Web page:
If you click on this photo you see a bigger version of it, and this one needs to be seen bigger! Something about the fragility of the pure white petals with the sun shining through them on this single blossom with its delicate filaments topped with brilliant yellow anther captured my imagination. I actually didn’t know the anatomical terms for the two parts of the stamen until a few minutes ago, but I wanted to wow you with my new knowledge!
Today was one of those days that begs to be captured with a camera. The sun was so bold and fearless in its warmth that it managed to deceive most of the city about the fact that it is actually still winter. I saw a girl today wearing a tank top and shorts, oversized white sunglasses, drinking an iced latte. And not just shorts, they were summer shorts, the kind that have an inseam of about two inches. That’s a lot of leg for February!
Taking the dogs out this afternoon, I already knew where the sunscreen was. I’m soaking up sunshine and storing it in my body because its supposed to be snowing in New York next week. Brrrrr…
So the real thing that triggered my imagination today and I wanted to write about was the following poem (under the next paragraph) and incident. The poem was given to me in a comment on the blog, so if you happen to be looking through the comments, you may run across it again, but it is priceless so I’m reposting it here to be shared with a wider audience. Do you suppose the friend who sent it to me was trying to give me some advice on how to better manage different hats?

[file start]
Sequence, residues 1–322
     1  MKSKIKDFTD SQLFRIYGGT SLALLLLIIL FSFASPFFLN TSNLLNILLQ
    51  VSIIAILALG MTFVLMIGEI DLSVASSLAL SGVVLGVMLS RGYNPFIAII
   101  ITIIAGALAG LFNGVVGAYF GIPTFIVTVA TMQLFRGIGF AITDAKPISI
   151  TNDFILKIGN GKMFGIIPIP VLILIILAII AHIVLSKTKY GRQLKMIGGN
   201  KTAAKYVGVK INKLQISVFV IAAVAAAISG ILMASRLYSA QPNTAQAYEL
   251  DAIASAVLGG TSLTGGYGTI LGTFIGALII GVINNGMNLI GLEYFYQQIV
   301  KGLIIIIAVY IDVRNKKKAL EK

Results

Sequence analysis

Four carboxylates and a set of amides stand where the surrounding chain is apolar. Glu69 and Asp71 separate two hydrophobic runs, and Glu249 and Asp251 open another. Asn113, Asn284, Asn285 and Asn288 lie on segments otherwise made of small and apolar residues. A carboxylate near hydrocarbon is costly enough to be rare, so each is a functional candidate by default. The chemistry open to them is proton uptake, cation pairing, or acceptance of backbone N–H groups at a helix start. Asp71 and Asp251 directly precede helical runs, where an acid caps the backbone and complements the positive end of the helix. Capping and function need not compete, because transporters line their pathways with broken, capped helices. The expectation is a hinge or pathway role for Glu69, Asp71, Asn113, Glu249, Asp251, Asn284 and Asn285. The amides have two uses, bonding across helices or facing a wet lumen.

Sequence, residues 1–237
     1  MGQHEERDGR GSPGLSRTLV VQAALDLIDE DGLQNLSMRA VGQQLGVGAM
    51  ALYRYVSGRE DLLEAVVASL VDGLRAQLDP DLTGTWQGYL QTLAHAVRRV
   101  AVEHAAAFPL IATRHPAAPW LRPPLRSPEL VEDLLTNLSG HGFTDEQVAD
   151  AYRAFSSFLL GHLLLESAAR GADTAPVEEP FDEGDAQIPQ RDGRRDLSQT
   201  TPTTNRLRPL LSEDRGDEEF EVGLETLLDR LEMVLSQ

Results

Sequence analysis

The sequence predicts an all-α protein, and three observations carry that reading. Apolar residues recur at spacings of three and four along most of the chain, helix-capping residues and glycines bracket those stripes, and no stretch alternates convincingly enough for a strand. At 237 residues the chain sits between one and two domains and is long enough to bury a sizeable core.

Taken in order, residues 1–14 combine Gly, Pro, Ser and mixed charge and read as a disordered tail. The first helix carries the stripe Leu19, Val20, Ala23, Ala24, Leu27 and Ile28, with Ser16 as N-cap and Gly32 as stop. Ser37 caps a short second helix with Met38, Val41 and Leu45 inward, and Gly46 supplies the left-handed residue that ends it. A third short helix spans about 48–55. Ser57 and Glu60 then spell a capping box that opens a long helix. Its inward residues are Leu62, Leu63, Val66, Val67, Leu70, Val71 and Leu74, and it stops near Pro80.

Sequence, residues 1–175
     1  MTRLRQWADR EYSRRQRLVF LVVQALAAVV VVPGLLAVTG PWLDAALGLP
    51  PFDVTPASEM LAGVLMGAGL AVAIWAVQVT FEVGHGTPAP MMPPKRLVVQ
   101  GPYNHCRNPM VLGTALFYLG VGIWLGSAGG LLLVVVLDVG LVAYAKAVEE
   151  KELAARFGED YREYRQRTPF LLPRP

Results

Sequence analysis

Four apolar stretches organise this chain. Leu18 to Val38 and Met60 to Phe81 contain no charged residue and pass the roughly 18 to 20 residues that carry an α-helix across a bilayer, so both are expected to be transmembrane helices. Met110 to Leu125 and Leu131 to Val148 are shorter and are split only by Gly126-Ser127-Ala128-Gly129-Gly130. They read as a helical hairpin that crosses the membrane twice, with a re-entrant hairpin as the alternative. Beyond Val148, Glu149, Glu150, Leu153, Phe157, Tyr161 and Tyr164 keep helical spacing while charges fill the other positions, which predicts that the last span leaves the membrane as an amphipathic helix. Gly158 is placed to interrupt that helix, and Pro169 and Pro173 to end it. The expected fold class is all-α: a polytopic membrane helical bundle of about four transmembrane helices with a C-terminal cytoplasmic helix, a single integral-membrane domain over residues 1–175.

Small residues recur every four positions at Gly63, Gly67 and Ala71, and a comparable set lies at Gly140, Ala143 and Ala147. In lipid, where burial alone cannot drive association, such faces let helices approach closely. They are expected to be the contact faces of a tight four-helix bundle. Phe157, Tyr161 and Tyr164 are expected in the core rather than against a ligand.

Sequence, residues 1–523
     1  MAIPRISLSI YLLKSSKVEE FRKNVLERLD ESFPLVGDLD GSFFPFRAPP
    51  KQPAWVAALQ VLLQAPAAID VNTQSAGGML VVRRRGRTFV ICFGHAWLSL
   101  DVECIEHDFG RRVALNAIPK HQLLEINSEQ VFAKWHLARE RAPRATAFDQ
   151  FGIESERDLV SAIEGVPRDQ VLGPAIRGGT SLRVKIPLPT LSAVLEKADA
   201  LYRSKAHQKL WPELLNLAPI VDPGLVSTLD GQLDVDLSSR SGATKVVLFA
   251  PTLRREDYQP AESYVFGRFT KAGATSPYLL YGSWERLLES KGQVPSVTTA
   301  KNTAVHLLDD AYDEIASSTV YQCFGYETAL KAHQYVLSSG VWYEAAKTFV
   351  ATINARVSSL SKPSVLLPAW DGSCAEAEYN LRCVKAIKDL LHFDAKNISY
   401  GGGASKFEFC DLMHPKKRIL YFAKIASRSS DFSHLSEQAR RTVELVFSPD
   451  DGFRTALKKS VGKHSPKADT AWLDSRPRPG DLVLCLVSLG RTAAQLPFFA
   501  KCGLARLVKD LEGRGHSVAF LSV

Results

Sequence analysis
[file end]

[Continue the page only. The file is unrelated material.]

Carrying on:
I was in the parking garage at Trader Joe’s waiting for a spot and yes, I admit it, I was checking my email. The car in front of me moved, so I put my Blackberry aside to go park. On a Friday afternoon, that garage is quite full, so I headed into the back section and felt the Thule box on the top of the car bump, gently. Damn. I had forgotten that box was on the car, but I was through the opening and thought, “Oh well, I made it. It must be under the limit. Cool.” I decided to go extra slowly on the way back out, just to be sure, as their were no spots back there either. So, I’m inching my way under the horizontal part of the opening when I felt it touch. Shit! I open the car door and take a peek. No chance. I’m not going to make it by at least two inches. Double shit! I quickly glance around, there’s no one behind me. Great. I turn off the car and hop out, opening the back door and climbing, so that one foot is on the armrest of the back door, and the other is on the latch on the inside of the door. This is a familiar maneuver. Thats how I get skis in and out of the box. But in order to take the box off the car, I actually have to hoist myself up so that my belly is balanced on the edge of the roof and one foot is on top of the car door, straddling the opening between car and door with one foot dangling in the opening. At this point, I’m really glad there’s not room for a car to be right behind me. So, I’m laying up there almost in the box, trying to release the clips that hold it to the roof of the car, when the policeman who directs traffic in the garage and an employee from Trader Joe’s come over and ask if I want to go back out the way I came in. At this point, I’ve got three clips undone and the fourth one is stuck. When I inform them of this, they just walk off! They’re far more concerned about congestion in the garage than they are about the fix I’m in. So I holler at the guy, because by this time there is a car waiting for me to move. I had just gotten the fourth clip free and jumped off the car. I asked him if he could open the back of my car. By this time I’ve hauled the box off the back of the rig and am trying to keep it vertical while the cop strolls over. He finally gets the tailgate open and I shove the box into the car part way, release the back seat, shove it the rest of the way through and drive off to find a parking place… which by now there are several of because no one has been able to get by me for the last 5-10 minutes. I get the car parked and go off to do my shopping slightly sweating, a little out of breath, giggling to myself and covered with the road grime that had previously been on the roof of my car. I would have paid for a photograph of that scene. It would have been the perfect photo of the day. Instead, I’m publishing a delicate spring blossom that does not even remotely go with this story .